Friday, June 6, 2014

Speech for Ethan -- a Parent's Quandary

Since the time Ethan was a baby, and he didn't babble as normal babies do, we've been concerned about his difficulty with speech. People tried to reassure us that he'd "just start talking in sentences" once he "decided" to talk, but that was not the case. It wasn't until he got one-on-one therapy in Oxford, at age 3, that he even spoke his first words. And when I say "words" I mean things like "bee" to mean "tea" and "toe" to mean "toast" (very important first words in Britain!)

After just a few months of therapy in Oxford, we moved to Amman, Jordan. We actually only agreed to that relocation upon hearing that there was a private special education school in the city that offered speech therapy services. Even though we were receiving no income at the time (Steve was a full-time Arabic language student), we 'invested' our money in private therapy for Ethan and he blossomed under his therapist Maha's direction. He could finally produce some of the tricky sounds that had previously eluded him.

Despite the impressive improvement, most people still couldn't understand Ethan, and when we moved to the U.S. in 2011, he easily qualified for speech therapy through the preschool program in Rockbridge County, Virginia. In fact, the evaluating therapist was frankly baffled by Ethan's speech problems, and said he'd never seen a student quite like him before. Ethan's intelligibility was low in conversational speech but much better in single words. Some of his sounds were so strange, the therapist was tempted to say he had 'speech dyspraxia,' but since Ethan didn't really fit the criteria of that diagnosis, no official label was given.

Within days of having Ethan's IEP in hand, we moved to Washington, D.C. where we'd been told he could receive therapy at our local Maryland school, even as a homeschooler. Sadly, this was misinformation: it turned out that every school district has the choice of whether or not to help unenrolled students with special needs. And Prince George's County most decidedly does NOT help. So Ethan spent his first two of three eligible years *not* receiving any services. His intelligibility steadily improved, which we were thankful for, but when the time came to move and we looked for a new house, a primary concern was finding a school district that would help him.

Here in Fairfax County, Virginia, the local school has indeed acknowledged Ethan's IEP, and been willing to give him therapy despite the fact that we homeschool. We are grateful. The school is a ten-minute walk away, and he's gotten 1-2 hours per month of help there. But compared to the other three therapists Ethan had in the past, this one has been the least effective, concerned, and thorough. It's been disappointing. She has focused solely on his ability to read aloud and produce sounds when given those visual cues. She has noticed new problems but never put them in an official IEP update. She claims that he's reached 90% accuracy without hearing him talk for long stretches and using a ticker to keep track of his errors. And now, near the end of his eligibility window, she's firmly saying that he no longer needs services and will not get a new IEP.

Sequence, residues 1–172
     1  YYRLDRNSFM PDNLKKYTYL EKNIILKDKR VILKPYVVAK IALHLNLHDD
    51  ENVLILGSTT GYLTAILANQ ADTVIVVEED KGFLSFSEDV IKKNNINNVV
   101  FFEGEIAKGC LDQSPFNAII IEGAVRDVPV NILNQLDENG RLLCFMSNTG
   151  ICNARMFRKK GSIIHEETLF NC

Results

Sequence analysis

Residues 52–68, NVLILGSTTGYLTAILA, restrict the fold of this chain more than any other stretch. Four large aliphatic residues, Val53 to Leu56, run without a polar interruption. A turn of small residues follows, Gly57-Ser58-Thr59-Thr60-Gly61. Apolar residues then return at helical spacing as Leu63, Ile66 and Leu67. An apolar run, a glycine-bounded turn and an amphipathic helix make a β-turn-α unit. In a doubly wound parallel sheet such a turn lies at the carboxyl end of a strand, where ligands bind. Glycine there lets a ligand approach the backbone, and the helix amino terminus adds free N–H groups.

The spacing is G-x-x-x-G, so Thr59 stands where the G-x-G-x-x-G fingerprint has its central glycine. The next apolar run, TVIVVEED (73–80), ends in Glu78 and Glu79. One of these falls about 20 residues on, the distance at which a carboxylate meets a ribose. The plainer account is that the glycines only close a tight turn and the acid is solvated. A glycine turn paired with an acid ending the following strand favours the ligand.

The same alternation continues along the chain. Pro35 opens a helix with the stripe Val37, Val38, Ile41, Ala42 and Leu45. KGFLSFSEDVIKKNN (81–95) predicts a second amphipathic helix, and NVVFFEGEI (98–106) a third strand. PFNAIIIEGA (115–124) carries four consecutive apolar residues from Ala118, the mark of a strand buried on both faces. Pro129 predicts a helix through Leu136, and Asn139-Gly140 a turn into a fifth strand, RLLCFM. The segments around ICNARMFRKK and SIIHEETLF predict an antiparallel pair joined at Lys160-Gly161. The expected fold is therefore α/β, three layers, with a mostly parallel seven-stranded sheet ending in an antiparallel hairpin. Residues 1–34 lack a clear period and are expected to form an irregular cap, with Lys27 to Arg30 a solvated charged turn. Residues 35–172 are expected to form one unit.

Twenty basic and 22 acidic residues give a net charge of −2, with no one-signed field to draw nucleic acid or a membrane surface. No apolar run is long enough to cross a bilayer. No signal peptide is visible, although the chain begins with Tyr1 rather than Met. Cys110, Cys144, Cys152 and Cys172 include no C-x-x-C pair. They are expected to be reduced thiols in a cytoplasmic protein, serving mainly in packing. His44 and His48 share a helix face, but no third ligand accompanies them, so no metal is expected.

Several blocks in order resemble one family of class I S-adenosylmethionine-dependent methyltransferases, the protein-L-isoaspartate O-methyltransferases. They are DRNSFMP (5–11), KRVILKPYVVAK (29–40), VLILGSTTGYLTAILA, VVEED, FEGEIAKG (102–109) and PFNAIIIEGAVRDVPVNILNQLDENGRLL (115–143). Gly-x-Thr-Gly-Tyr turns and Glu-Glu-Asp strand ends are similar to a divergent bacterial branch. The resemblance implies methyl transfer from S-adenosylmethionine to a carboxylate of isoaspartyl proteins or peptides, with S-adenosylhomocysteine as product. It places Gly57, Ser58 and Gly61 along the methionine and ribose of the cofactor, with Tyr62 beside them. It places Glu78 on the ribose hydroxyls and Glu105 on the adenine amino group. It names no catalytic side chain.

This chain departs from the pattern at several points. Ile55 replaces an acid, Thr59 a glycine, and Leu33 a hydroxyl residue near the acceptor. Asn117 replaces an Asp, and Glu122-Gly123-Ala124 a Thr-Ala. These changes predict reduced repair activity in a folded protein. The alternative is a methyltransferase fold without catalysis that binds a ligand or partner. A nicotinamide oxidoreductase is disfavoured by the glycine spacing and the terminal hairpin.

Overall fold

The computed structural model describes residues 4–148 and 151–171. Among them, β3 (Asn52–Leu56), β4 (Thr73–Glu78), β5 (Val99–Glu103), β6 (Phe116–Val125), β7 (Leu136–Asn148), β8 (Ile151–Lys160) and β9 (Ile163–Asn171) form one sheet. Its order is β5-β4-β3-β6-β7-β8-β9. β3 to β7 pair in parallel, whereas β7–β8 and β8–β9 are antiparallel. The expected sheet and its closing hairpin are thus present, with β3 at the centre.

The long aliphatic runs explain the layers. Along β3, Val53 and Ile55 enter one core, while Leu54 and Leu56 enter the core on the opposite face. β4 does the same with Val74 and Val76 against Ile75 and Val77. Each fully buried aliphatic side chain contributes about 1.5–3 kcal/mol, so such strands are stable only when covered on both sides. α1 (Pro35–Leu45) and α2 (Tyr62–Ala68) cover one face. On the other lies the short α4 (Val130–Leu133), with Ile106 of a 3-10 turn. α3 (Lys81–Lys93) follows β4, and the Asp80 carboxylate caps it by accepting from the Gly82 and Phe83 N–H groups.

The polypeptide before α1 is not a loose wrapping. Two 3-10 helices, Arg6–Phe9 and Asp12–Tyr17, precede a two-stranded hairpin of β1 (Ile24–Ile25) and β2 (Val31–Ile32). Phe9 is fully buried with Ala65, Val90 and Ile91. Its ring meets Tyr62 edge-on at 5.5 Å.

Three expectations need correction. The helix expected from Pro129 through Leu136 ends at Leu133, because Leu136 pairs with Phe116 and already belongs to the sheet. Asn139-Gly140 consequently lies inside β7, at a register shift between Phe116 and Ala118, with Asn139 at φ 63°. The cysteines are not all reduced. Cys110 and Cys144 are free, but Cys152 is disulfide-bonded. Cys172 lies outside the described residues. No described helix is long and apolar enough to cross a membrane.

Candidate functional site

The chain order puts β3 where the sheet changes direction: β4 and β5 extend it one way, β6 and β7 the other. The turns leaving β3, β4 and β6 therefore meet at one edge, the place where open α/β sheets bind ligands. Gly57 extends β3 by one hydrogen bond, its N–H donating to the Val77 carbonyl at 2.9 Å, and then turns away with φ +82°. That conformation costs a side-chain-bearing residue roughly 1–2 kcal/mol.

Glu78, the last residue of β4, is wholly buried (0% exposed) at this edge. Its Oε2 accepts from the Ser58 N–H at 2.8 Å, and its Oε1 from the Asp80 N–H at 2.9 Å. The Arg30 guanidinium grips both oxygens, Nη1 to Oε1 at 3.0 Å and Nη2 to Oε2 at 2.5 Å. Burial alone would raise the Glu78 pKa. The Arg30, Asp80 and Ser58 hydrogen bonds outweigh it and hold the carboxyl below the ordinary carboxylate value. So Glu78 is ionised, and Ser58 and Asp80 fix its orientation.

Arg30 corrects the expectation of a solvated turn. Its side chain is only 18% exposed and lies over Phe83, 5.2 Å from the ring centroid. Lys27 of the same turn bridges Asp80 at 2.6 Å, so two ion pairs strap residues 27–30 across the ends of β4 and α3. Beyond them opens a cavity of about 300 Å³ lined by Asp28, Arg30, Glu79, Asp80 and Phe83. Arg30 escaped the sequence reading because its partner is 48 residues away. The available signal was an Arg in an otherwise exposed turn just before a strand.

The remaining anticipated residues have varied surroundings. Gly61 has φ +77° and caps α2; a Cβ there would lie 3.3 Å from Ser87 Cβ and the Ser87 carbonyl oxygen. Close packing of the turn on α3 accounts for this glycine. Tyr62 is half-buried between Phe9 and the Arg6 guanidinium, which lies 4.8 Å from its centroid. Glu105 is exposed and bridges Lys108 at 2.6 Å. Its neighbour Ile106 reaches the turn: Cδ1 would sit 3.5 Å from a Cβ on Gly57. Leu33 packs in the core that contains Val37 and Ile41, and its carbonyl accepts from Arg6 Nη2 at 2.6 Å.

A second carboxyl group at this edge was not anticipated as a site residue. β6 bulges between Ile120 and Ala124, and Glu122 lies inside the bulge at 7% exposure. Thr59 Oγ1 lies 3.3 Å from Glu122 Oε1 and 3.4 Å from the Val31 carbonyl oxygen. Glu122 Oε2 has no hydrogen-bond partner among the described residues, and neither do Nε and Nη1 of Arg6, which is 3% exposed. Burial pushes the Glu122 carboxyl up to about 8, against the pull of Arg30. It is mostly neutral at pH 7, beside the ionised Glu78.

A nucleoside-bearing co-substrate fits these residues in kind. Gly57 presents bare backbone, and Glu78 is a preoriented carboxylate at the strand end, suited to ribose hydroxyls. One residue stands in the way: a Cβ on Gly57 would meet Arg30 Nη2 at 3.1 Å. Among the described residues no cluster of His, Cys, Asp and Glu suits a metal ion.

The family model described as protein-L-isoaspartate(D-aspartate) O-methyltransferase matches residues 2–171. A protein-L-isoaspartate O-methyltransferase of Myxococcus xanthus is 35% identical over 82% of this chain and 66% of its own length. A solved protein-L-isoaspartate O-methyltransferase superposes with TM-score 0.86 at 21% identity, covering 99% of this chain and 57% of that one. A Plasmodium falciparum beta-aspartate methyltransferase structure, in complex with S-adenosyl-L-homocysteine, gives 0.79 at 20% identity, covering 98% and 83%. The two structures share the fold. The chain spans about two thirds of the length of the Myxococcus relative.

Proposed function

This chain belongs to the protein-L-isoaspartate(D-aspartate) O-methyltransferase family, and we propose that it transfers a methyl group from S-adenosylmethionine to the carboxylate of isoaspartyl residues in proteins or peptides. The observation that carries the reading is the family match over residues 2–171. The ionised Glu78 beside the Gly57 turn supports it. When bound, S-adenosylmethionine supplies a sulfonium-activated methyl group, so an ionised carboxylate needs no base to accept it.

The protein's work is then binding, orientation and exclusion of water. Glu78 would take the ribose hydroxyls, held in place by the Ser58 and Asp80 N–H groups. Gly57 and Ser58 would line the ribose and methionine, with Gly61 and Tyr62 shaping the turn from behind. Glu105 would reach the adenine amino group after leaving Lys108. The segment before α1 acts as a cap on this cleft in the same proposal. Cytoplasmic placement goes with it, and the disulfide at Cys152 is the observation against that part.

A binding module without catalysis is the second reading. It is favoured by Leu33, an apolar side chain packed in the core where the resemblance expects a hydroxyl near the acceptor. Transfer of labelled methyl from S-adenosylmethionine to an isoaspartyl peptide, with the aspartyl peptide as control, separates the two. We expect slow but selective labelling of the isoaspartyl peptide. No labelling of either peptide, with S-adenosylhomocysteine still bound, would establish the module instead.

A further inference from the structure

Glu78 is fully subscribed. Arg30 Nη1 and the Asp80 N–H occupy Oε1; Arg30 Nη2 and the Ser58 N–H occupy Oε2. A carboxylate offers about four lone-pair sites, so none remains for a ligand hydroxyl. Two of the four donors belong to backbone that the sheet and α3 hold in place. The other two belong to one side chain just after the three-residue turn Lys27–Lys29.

Ethan's sounds certainly have improved, and some people who hear him talk have no problem understanding him. But I still hear many problems in his speech: final consonants dropped ("God" is pronounced "Gah" routinely), indistinguishable medial vowel sounds (short i and short e sounding the same, for example), a very indistinct /er/ sound in the middle of words and weak /r/ in general, to name a few. Additionally, his multisyllabic speech, especially in conversation, is difficult to understand. 

So now I'm stuck, not knowing whether I'm just being over-anxious or whether I'm justified in my concern (especially given his dad's speech difficulties and other family history). I'm stuck not knowing whether I should pursue the possibility of further eligibility by going to the head of Fairfax County Special Services, or whether I should take the therapist at her word that there's nothing more to be done. Maybe Ethan's continuing maturity *will* straighten everything out in the end. Maybe there's nothing more that professionals can do. Maybe it's all up to me and him now. I just know that when professionals told Steve's mom to not worry about his speech issues, assuring her he'd grow out of them, they were wrong. Steve did need more help, and I even wish he'd gotten more than he did. 

What will help Ethan most in the long run? Do I keep pushing 'til the head person finally says "yea or nay"? My son loves to talk, loves little more than chatting even to strangers. My hope and prayer is that his speech becomes as 'normal' as possible, so that he can maintain his verbal confidence and be understood as he shares his voice with the world.

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